Review: Roots Singer Lauren Anderson Belts Out Blues Rock with a  Potent Presence and Powerhouse Voice 

Lauren Anderson
Love on the Rocks
(Lauren Anderson)
4 out of 5 stars

Videos by American Songwriter

Band? Who needs a band? Not gutsy soul/blues/rock singer Lauren Anderson and she proves it on the opening track of her first release since the well-received Won’t Stay Down EP in 2019.

The introductory “Keep On” is an a cappella tour de force as Anderson’s husky, gritty vocals tear into a gospel/chain gang-style original accompanied by only handclaps and a throbbing bass drum. It’s a stunningly powerful stripped-down performance.

Even though she employs musicians for the other eight tracks, that starter goes a long way in establishing her raw vocal talents. The Nashville by way of Chicago and Kansas singer/songwriter is classically trained and has a master’s degree in music therapy. But live performance called her and although she briefly flirted with singing opera (!), it’s the blues that ended up being the beneficiary of her dynamic, gritty vocals and Joplin-esque swagger.

She wrote all nine tracks, co-produced them, and proves that she’s every bit as potent a presence as Susan Tedeschi, Janiva Magness, or Beth Hart, just a few contemporaries she is often compared to. From the swampy “Gravity” to the pumping rock of “Just F**king Begun” where she rails about those who say she’s too old for her profession withYou say my life is over? I’m done?/I say my life has just f**king begun, Anderson never lets up.

The slow blues title track finds the singer dialing down her thrust for a more measured approach, but not for long. She then digs into the grimy slow blues-rock of “Back to Chicago,” a kiss-off to a no-good lover with You walked out/ on me and mine / and all you left / was wasted time as the music grinds and builds to an intense crescendo. The churchy “Stand Still” is a low boil soul/blues where a simmering Anderson tells her partner they are in it as a team. When she hits the chorus, the song becomes a torchy, emotional plea for staying together. It’s the kind of passionate epic her voice is perfect for. The closing ballad “Your Turn” takes things down a notch as strings enter and Anderson questions why she can’t find love with the wincingly personal All that I want/Is to find my person/I’ve been searching everywhere and/I’m tired…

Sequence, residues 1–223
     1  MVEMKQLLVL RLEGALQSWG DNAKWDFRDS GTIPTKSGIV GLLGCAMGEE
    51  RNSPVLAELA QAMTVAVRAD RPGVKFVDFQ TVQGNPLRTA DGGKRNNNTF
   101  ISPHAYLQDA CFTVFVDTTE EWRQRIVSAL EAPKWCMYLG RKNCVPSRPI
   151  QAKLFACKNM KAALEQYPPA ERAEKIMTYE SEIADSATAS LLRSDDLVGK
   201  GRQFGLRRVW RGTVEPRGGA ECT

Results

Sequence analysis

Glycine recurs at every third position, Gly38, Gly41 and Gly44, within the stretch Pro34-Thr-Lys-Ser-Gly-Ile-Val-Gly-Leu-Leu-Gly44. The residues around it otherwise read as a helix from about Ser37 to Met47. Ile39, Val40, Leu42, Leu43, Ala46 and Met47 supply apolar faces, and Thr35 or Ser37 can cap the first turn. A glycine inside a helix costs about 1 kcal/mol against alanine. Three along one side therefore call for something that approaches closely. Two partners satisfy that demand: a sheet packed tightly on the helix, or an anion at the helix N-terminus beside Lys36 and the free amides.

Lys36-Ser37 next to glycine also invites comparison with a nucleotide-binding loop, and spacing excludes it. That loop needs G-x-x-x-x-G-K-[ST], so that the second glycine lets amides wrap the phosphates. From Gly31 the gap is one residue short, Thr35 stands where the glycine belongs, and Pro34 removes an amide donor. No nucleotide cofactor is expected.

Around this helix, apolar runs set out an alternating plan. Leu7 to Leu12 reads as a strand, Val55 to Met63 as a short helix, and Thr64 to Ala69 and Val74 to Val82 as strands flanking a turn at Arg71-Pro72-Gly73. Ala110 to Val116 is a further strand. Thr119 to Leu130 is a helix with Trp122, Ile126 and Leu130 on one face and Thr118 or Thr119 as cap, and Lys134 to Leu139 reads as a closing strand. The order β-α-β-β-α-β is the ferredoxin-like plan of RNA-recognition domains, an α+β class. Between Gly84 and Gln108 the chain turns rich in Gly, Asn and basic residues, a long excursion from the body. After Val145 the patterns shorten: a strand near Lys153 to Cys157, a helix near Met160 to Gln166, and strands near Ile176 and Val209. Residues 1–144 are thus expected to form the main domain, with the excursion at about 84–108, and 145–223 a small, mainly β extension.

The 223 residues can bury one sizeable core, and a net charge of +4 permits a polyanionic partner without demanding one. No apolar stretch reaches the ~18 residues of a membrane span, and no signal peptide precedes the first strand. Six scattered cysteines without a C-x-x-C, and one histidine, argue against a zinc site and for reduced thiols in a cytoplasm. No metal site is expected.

The only frustration is that, at only 30 minutes, the set is frustratingly short. That’s especially disappointing because there have been one-off singles released over the past few years like her rootsy version of Radiohead’s “Creep” and a cover of Whitney Houston’s hit “I Want to Dance With Somebody” that are oddly MIA.

But there remains plenty here to put Lauren Anderson on the blues rocking map, ignite some much overdue attention and garner an audience that would surely embrace her remarkable talents, with or without a band, if they were exposed to them.    

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